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The Interplay of Short Interest and Institutional Ownership

| | Posted in: Short Selling

Does the power of short interest to predict future returns derive from superior information of short sellers or from overvaluation driven by short-selling constraints? In their January 2008 paper entitled “Why Do Short Interest Levels Predict Stock Returns?”, Ferhat Akbas, Ekkehart Boehmer, Bilal Erturk and Sorin Sorescu examine evidence that discriminates between the competing information and overvaluation explanations. Their key discriminators are: (1) the effects of levels of and changes in institutional ownership (availability of shares for shorting) on the predictive power of short interest; and, (2) the relationship between short interest and subsequent news. Using daily stock returns, monthly short interest, quarterly institutional holdings, firm fundamentals and news/earnings reports spanning 1988-2005, they conclude that:

  • Over the sample period, heavily shorted stocks underperform lightly shorted stocks by 1.51% (1.72%) monthly on an absolute (risk-adjusted) basis.
  • High levels of short interest predict future negative news and negative earnings surprises, and this predictive power is stronger for firms with low institutional ownership.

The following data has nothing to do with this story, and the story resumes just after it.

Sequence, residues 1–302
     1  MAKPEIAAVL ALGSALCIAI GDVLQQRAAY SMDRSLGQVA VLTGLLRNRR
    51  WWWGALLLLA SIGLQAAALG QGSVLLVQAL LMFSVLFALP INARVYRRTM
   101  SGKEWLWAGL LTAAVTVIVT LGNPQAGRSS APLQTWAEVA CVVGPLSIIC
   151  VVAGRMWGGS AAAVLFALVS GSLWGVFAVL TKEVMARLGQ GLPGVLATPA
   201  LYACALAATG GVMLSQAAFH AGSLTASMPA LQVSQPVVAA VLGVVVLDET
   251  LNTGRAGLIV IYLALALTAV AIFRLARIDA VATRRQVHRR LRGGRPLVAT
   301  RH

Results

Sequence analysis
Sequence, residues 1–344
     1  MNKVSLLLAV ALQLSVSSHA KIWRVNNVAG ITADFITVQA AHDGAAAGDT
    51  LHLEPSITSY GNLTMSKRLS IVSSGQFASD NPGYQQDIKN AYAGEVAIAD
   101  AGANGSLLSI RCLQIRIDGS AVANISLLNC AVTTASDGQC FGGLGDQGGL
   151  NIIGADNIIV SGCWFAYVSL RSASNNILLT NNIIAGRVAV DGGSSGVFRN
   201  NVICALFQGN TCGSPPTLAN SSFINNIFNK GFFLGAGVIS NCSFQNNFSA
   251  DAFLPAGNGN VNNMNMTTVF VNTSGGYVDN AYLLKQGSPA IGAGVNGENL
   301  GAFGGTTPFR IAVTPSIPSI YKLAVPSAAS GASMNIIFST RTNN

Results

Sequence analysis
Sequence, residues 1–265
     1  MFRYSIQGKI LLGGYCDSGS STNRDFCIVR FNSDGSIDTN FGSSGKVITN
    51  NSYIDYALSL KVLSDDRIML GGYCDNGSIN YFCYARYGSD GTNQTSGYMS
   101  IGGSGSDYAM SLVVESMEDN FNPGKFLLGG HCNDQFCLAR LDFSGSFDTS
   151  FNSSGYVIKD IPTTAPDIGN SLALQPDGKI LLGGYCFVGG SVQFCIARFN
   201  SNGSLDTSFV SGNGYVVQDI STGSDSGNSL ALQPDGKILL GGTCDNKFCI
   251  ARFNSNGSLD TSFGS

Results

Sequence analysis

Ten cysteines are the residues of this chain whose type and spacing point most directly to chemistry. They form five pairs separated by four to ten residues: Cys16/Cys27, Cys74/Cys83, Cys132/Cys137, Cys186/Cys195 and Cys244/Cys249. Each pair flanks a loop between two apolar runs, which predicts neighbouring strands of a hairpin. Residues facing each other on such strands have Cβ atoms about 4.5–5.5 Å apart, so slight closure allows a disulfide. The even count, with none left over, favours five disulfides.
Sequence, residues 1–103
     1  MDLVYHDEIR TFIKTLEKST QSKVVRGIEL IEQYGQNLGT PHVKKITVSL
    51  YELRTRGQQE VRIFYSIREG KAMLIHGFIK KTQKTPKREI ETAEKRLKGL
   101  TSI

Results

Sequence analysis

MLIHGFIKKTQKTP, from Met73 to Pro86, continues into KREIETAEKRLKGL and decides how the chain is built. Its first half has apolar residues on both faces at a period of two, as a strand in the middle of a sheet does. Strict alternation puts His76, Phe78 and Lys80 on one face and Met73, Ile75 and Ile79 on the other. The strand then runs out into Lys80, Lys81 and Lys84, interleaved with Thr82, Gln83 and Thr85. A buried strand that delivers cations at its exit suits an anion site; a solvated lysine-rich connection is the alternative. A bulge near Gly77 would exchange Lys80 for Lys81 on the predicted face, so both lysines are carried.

• A hedge portfolio that is long (short) lightly (heavily) shorted stocks earns on average 0.31% per day during the four days surrounding earning announcements.
    • Among stocks with low institutional ownership, a hedge portfolio that is long (short) lightly (heavily) shorted stocks earns an average return of 0.70% per day around earning announcements. This average return declines to 0.04% for stocks with high institutional ownership.
  • Stocks with increasing (decreasing) institutional ownership are associated with lower (higher) short interest informativeness.
    • Hedge portfolios that are long (short) the most heavily shorted stocks with the largest increases (decreases) in institutional ownership return an average 7.71% per month during the quarter for which the change in institutional ownership is calculated.

In summary, short sellers have acted as specialized monitors who tend to know what they are doing, but high levels of and large positive changes in institutional ownership can obscure short interest informativeness.

This result indicates that relaxation of short-selling constraints may not eliminate the informativeness of short interest.

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